This time last year we were experiencing the longest bull stock market in history, eleven years, from 2009 until early 2020.
“I wonder what will end it,” I thought to myself. After all, all good things come to an end. Something has to give. What will be the precipitating event?
I must admit, I hadn’t considered a worldwide plague. We’ve now all been there, done that. May 2020 rest in peace. We won’t think fondly of this year.
The old Chinese curse, “May you live in interesting times.” 2020 was certainly an interesting year. I can mark “endure plague” off my list of life experiences.
My best life experience comparison was the Swine Flu of 2009. The CDC estimates over 12,000 people died then. Not even close to Covid-19.
The Spanish Flu is our best comparison, which is estimated to have killed 675,000 people in the United States. That was one out of every 154 people. The average age of death was 28 years old.
So far, Covid-19 has killed 336,642 or one out of every 980 people. The average age of death was 80.
In terms of life years, the Spanish Flu was probably 30 times worse than Covid-19. It could have been a lot, lot worse. Every dark cloud has a silver lining.
No doubt there are more Covid-19 deaths to come, but some powerful vaccines are on the way. In addition, the CDC estimates almost a third of the U. S. population has already been infected. Herd immunity is within sight. There is an end to this dark, dark tunnel.
I was born an optimist. That’s just the way I am. I feel like we faced one of the great fears of mankind and survived. That gives me confidence about the future.
There have been many horror movies about some rapid-spreading virus wiping out humanity. Well, it didn’t wipe out humanity, not even close. And now we have some powerful new vaccine weapons in our arsenal.
For a virus to do this much damage, it had to be in the sweet spot of viruses. Not too deadly to be contained, yet deadly enough to wreak havoc. Covid-19 was in that sweet spot.
Remember Ebola? Far more deadly, but it was so deadly it was containable. Other corona viruses spread rapidly. Indeed, 30 percent of common colds are caused by the five common cold corona viruses. We ignore them because they don’t kill.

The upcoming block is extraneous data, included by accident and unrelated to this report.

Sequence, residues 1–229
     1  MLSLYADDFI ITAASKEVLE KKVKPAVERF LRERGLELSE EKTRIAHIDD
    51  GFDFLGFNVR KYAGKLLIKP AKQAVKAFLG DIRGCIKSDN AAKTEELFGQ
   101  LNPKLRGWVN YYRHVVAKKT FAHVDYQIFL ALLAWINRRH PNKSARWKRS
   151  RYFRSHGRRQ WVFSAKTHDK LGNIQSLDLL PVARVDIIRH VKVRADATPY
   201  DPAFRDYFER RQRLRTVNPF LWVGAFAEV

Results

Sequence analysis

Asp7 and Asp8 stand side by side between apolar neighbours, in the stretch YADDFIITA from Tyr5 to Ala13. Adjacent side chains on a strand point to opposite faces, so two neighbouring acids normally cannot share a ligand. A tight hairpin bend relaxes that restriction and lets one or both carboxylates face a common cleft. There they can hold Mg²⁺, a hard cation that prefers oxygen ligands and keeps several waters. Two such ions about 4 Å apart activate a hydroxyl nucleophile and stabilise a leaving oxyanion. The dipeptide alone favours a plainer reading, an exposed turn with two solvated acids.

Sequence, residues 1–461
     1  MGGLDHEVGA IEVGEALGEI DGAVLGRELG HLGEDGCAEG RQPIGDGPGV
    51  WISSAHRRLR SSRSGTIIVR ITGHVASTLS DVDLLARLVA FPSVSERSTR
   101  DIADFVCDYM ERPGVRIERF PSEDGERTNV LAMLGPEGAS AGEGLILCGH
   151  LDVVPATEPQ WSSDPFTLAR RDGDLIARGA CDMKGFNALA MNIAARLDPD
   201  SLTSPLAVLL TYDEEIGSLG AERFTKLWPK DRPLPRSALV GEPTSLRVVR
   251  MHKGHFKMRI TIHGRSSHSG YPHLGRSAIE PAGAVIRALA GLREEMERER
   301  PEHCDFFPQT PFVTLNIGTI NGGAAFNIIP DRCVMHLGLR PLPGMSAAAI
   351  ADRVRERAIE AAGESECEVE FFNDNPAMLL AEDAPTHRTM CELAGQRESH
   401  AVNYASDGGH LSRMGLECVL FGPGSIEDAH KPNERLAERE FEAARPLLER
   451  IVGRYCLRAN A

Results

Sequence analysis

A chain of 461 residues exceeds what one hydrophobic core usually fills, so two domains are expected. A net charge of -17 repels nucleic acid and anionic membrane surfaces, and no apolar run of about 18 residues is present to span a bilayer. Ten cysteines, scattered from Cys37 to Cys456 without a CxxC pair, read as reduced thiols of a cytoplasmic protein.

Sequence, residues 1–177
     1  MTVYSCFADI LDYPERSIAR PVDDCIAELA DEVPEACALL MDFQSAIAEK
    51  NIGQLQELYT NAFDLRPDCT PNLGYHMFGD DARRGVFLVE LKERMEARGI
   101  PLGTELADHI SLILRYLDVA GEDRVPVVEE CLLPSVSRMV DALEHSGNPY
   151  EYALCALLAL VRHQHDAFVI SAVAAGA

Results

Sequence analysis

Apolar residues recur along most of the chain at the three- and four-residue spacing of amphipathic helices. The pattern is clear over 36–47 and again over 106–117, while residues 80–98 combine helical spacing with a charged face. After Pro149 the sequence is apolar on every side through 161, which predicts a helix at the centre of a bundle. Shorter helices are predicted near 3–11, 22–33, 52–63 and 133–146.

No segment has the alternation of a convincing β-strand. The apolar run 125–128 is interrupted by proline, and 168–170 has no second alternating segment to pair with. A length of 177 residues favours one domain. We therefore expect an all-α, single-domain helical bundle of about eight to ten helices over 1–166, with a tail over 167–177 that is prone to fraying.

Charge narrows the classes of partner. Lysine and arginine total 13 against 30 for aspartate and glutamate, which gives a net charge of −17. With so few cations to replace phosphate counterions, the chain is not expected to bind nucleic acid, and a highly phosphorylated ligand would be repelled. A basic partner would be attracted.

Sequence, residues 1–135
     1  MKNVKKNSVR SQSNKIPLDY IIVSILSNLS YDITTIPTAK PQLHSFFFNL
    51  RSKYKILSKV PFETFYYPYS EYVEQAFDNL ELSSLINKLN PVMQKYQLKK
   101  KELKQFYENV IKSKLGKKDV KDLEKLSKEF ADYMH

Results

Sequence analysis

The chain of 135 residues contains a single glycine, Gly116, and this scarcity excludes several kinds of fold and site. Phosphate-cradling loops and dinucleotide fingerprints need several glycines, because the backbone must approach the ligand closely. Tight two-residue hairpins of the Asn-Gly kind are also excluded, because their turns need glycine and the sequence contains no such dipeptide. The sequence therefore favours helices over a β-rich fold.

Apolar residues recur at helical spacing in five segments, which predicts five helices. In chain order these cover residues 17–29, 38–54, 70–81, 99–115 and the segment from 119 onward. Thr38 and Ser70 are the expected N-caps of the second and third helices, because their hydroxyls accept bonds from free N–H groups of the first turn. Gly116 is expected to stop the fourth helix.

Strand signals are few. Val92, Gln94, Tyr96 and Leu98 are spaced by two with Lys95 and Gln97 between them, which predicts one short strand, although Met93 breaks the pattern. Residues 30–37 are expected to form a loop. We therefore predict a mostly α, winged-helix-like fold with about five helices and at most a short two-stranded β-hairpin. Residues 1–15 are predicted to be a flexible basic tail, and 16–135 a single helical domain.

How do you contain a virus that causes no symptoms in half the people it infects? There’s no way, despite our best efforts.
We tried the locking down. It was supposed to be two weeks, but turned into two months. I was impressed at how well our society did its best to contain this plague. Lots of good citizenry.
But when we came back out, it was still there. Our economy was in shambles. Disruption in our lives was causing one shut down death for every two Covid deaths. Suicide and overdose deaths skyrocketed. People were afraid to get treatment at hospitals for cancer and heart conditions. The shut downs were a mess.
So we went back to work and did our best, masks and all.
The vaccines are coming just as the virus has mutated and become even more contagious, even as its fatality rate drops to a fifth of what it was in the beginning.
Our hospitals were pushed to their limits, but they stood the test, powered by tens of thousands of brave doctors, nurses and hospital staff. What a heroic feat.
Our nation, indeed the world, faced one of the greatest apocalyptically horrible scenarios imaginable and we survived. Many of our elderly loved ones were denied some of the last years of their lives. And some of our younger citizens died as well, but our society and economy are still strong.
Befitting a free nation, there was a vigorous debate about the deadliness of the virus and how we should respond as a society. Some wanted to shut down permanently until a vaccine came. Others believed the shut downs were causing more harm than the virus itself.
In the end, there was legitimacy to both sides of the debate. As a whole, the nation muddled through as best we could, trying to contain the virus through social action while still preserving our economy. It was a work in progress.
It will take years of study and retrospect to properly understand what happened and how we should have best responded. Governing is never easy and it’s extremely difficult during a unique crisis with no real road map. We did the best we could.
God works in mysterious ways. The new mRNA vaccines that we have now developed may end up saving far more lives in the near future than were lost during this past year. We may be on the cusp of winning our eons-old war with the viral hordes.
There are other cataclysmic bugaboos still out there threatening us: Global warming, a huge meteor colliding with Earth, destruction of the ozone layer, nuclear war, a computer virus global attack. The list is long and fear is plentiful.
As a believer, my fear is tempered by faith in God. He is in control. The Earth will end when he decides to end it.
Which doesn’t mean humans should give up trying to solve the world’s problem. God has given us the responsibility to be good stewards of the planet. God doesn’t want to do it all himself. He wants a relationship with his creation. Working with God, in prayerful devotion, love, fear and respect, there is nothing humanity can’t overcome.
This doesn’t mean I am without fear. There is one thing I do fear. God’s retribution if we turn away from him. The consequences of that will indeed be cataclysmic.
This new year we should renew our faith and obedience to God while being grateful that we have been given yet another chance.
Here’s to a Happy New Year, with Covid-19 soon in the rearview mirror! Let’s get our old lives back. Let the weddings, concerts and parties soon begin again.